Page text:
Good Narrative Principles

Height Is Destiny


image1At school, until sixth grade, Melanie was the tallest kid in her class. Her spot in the yearly class pictures was invariably the same — dead last, upper left. She never was chosen to hold the placard in the front row bearing the name of her teacher. She never sat anywhere but the back of the room, even though her hand was always first in the air. To her credit, she also never waved frantically at her teacher or murmured “ooh, ooh, pick me”.

In high school, things improved marginally. There were a handful of boys whom she could look in the eye without having to curl her shoulders forward. She was drafted by the basketball team and played without much skill until her knees sang out in protest. Despite the great after game parties, she quit the team and spent her free time at home with her Dad working on the house. In college, she finally found her calling as a handyman. Turns out that Melanie could fix practically anything. Living in student slums proved to be a boon, a blessing, a Godsend. There wasn’t an apartment she lived in or visited that didn’t have a leaky something or other, be it toilet, sink or ceiling.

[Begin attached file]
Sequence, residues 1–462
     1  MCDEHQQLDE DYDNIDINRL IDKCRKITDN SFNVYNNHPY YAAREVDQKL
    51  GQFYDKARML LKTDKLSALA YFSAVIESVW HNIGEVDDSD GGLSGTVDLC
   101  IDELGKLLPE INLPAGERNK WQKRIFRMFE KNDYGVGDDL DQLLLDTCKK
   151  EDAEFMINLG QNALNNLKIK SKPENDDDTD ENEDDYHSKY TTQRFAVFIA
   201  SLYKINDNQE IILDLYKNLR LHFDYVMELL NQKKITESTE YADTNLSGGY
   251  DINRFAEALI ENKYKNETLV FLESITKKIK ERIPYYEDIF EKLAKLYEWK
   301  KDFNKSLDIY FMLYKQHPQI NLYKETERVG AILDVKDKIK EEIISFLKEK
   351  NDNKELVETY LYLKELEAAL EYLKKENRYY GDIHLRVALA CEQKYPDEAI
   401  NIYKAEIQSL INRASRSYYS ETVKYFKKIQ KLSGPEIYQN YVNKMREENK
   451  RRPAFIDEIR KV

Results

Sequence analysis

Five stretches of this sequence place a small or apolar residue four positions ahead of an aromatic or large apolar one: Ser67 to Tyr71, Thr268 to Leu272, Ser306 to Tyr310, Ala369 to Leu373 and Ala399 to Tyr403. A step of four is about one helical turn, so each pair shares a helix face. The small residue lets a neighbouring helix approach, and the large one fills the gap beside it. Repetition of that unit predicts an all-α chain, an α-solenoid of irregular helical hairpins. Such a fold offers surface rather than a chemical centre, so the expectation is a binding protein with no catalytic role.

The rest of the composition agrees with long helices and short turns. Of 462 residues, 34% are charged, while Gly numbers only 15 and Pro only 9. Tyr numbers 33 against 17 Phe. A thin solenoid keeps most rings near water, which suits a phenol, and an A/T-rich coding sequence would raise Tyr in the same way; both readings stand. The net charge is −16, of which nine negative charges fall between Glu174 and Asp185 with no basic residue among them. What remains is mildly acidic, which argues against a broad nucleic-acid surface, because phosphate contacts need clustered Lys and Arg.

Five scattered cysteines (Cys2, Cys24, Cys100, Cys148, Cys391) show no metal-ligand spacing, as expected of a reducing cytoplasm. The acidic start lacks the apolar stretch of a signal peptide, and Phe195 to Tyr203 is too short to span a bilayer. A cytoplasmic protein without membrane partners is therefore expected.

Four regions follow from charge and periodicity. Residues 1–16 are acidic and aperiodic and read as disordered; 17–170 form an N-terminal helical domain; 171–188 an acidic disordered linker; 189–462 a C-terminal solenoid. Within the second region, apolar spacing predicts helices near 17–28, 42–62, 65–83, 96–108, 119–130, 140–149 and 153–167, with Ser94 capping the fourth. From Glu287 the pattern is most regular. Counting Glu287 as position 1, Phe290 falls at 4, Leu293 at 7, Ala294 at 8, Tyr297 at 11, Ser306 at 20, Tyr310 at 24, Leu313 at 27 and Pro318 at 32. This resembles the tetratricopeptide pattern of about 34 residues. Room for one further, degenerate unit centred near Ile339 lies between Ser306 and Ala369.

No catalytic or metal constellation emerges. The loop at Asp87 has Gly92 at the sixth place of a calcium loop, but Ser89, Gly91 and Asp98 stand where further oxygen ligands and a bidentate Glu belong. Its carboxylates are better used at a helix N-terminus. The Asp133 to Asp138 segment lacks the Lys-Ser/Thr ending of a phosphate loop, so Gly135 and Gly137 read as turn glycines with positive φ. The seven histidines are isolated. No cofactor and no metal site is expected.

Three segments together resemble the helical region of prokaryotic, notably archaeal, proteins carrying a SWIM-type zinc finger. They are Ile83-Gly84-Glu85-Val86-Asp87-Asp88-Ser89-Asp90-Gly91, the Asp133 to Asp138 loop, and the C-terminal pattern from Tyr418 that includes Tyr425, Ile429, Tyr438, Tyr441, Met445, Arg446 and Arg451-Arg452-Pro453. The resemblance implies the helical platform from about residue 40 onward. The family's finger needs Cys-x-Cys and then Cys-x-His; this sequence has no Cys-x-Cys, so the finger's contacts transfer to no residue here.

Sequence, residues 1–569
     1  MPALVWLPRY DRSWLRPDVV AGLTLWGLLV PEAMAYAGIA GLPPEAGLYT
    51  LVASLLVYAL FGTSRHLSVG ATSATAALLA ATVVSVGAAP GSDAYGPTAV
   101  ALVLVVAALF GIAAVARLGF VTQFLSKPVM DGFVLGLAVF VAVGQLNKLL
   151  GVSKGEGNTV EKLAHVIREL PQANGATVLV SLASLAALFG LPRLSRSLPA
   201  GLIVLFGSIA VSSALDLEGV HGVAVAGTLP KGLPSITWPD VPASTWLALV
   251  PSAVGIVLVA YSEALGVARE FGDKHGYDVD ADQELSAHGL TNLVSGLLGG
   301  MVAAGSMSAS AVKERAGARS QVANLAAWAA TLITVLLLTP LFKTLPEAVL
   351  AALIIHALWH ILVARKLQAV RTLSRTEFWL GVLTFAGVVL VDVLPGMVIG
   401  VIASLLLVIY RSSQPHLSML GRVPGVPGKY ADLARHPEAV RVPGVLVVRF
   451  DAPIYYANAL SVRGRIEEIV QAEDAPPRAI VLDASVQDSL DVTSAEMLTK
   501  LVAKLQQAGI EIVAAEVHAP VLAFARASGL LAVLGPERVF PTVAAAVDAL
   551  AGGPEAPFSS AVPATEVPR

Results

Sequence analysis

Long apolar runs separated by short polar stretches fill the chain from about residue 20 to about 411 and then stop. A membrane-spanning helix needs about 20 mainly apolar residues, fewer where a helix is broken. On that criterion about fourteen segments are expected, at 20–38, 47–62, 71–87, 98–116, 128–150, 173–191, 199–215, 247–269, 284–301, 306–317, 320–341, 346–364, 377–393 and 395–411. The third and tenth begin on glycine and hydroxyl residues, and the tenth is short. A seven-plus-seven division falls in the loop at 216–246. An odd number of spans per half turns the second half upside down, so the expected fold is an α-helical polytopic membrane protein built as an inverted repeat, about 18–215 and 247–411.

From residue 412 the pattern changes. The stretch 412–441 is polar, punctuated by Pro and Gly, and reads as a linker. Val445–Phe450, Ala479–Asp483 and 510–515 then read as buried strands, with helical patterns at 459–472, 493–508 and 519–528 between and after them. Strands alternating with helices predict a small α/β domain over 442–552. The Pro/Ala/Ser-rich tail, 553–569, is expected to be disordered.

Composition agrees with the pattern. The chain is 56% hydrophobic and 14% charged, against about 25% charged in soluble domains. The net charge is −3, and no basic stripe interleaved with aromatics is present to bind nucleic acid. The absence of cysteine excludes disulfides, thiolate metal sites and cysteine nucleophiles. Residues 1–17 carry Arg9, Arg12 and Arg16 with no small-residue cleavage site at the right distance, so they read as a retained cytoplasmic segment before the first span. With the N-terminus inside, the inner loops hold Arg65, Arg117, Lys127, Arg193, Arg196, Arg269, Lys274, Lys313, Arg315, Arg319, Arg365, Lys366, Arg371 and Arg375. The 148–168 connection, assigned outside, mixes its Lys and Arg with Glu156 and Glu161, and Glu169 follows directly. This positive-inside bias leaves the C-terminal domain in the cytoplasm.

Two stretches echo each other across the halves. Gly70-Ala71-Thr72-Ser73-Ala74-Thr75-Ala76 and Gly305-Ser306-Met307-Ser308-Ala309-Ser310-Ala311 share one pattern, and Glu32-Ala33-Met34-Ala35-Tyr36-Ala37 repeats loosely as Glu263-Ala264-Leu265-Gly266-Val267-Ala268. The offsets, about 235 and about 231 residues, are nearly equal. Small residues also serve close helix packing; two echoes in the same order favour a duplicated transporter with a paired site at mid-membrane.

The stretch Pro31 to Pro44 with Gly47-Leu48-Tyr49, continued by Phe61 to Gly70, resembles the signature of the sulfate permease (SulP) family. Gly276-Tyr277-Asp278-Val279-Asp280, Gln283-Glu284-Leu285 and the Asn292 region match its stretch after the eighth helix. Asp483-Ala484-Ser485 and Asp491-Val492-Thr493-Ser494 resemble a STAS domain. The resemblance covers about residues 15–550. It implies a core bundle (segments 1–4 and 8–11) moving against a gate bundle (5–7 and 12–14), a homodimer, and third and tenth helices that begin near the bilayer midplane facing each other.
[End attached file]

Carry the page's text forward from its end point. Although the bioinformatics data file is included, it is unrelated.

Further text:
And Melanie liked fixing things — it was her way of being a friend.

Fresh out of college, Melanie bought her first pair of heels. They were fire engine red, pointed, never comfortable but always eye catching. She rarely wore them, especially on first dates. To her what counted was the gesture of claiming her place in the world even if it was way up high. Sure, dusting off her expensive shoes that had grown dusty as they gravitated towards the back of the closet, was a bummer. But there was also the joy of knowing how to square a jig so that it cut wood consistently at a clean forty-five degree angle.

When one of the shorter guys she met in college stuck around, Melanie donated her first and only pair of high heels to Goodwill. Together, they built a cabin in the woods with soaring archways so that she’d never have to stoop down as she carried her coffee to the breakfast table. Actually, truth be told, she did most of the building, while he regaled her with stories from his far-flung childhood. On a trip back home, he showed her some pictures. It was only then that she realized she had fallen in love with the cute imp who held up the class sign in the yearly picture. (Photo: Jonah Duch)

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